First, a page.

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New York's cannabis regulating body brings home growing for qualified medical patients closer to fruition

Medical marijuana in an open orange pill bottle
File Photo

Qualified medical cannabis users are a step closer to being allowed to grow and cultivate the plant at home. And, more than 200,000 records for marijuana offenses no longer illegal in New York State will soon be expunged. Those are the highlights from the latest meeting by the New York State Office of Cannabis Management.

Board members passed a set of regulations which will now be subject to a 60-day public comment period, after which the OCM may make adjustments based on that feedback and send to the board for final approval.

Among the regulations, qualified medical cannabis patients or caregivers may grow up to three immature and three mature plants per individual, or up to six immature and six mature plants per private residence. The plants may be grown on their premises, indoors or outdoors, but must be kept out of view of the public.

“Only certified patients or their designated caregivers participating in the medical cannabis program will be able to purchase seeds or immature plants legally from a registered organization,” said OCM executive director Chris Alexander. “And therefore, New Yorkers who are not in the medical program cannot yet grow and grow at home.”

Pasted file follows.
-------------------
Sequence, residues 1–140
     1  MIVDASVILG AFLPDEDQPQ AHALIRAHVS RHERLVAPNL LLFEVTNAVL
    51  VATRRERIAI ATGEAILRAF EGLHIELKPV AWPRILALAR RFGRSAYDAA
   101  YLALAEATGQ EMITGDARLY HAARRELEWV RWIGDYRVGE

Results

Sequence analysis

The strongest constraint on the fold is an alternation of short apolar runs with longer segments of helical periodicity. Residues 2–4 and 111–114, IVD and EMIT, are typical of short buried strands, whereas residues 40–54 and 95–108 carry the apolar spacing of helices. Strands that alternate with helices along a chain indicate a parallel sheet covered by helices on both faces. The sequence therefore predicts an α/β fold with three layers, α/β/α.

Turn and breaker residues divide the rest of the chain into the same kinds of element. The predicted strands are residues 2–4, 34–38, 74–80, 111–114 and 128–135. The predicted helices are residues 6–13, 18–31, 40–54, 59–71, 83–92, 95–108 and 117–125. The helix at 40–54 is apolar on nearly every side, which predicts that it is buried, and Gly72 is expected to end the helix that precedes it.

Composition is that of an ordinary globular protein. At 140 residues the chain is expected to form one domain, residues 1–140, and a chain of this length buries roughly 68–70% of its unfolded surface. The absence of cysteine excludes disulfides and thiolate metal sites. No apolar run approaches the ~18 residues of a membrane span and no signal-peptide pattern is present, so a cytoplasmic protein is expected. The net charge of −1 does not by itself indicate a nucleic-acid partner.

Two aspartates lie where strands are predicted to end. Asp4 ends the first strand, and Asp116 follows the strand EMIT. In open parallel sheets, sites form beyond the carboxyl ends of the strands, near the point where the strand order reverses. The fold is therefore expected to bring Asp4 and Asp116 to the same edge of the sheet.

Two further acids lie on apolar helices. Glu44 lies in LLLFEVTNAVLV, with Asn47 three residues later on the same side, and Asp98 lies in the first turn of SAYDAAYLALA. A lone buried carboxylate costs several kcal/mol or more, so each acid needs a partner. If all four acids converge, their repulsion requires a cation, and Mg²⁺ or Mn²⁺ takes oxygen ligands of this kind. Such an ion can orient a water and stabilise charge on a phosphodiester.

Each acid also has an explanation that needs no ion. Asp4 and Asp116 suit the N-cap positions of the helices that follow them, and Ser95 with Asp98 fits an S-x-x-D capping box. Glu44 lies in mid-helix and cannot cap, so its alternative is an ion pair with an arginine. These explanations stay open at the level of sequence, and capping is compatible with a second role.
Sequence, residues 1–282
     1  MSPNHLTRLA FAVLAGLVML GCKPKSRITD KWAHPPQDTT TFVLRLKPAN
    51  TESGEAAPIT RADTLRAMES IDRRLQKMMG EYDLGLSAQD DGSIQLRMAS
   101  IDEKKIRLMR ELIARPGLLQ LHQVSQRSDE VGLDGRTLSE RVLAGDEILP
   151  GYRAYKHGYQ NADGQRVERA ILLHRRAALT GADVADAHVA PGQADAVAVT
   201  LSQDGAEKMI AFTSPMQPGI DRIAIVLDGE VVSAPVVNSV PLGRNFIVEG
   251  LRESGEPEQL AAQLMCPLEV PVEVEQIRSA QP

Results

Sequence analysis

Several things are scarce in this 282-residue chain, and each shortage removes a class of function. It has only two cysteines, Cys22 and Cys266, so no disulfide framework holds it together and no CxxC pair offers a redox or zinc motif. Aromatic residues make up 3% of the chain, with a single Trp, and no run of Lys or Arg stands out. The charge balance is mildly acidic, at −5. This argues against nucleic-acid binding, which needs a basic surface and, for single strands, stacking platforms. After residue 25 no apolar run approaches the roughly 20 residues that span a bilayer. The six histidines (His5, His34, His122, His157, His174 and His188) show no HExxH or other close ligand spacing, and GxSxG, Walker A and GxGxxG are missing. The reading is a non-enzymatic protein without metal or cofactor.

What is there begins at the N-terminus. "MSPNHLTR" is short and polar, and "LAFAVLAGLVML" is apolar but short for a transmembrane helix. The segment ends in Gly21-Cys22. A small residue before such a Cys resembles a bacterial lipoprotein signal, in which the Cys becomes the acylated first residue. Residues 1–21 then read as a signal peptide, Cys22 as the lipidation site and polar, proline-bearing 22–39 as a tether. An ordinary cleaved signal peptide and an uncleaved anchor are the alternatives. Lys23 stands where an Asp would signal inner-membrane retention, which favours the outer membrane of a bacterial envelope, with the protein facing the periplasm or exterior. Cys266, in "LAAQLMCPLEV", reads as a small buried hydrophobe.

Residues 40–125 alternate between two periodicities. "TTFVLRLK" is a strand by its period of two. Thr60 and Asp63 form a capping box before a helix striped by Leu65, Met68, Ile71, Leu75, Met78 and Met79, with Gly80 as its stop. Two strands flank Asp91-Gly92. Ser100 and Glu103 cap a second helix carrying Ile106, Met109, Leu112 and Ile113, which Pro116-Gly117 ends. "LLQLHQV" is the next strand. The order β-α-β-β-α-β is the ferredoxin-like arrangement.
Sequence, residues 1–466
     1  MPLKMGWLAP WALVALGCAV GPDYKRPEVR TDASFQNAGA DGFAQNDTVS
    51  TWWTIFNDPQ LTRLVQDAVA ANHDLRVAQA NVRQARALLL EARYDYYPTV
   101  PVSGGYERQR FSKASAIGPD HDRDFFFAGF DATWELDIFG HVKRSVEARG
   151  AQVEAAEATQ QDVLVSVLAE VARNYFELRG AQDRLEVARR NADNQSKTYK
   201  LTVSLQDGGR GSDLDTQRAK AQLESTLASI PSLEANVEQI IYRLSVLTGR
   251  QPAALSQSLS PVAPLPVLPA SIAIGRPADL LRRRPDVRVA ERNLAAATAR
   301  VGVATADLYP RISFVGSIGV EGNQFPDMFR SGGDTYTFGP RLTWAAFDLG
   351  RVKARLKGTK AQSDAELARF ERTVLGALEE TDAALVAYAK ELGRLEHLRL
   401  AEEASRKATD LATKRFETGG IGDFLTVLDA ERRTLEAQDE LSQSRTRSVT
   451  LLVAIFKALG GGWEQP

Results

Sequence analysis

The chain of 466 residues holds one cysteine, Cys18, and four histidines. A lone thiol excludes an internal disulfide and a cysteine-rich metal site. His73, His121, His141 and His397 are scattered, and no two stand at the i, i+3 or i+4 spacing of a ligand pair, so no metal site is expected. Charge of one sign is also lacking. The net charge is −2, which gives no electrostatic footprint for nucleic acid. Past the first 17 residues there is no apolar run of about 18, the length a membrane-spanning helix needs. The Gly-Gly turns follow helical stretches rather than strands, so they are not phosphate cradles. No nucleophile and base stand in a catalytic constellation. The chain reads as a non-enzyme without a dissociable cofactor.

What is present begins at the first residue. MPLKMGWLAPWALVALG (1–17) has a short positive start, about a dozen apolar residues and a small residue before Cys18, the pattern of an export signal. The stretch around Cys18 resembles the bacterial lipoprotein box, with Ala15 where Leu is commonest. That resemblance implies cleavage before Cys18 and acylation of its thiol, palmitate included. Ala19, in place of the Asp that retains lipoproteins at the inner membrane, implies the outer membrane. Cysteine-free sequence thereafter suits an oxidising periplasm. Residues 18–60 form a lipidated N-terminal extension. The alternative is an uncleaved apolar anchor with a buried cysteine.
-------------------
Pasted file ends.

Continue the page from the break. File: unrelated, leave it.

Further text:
Also at Thursday’s meeting, Alexander announced that more than 200,000 records of marijuana convictions are now being withheld from criminal background checks, and will ultimately be expunged. It’s part of a new round of expungements of marijuana charges that are no longer criminalized under New York State’s reforms.

An estimated 198,000 records were expunged in a first round in 2019.

“When completed, the actions of these measures will have expunged the records of over 400,000 New Yorkers, a staggering reminder of the impact that cannabis prohibition had on so many,” Alexander said.

Michael Mroziak is an experienced, award-winning reporter whose career includes work in broadcast and print media. When he joined the WBFO news staff in April 2015, it was a return to both the radio station and to Horizons Plaza.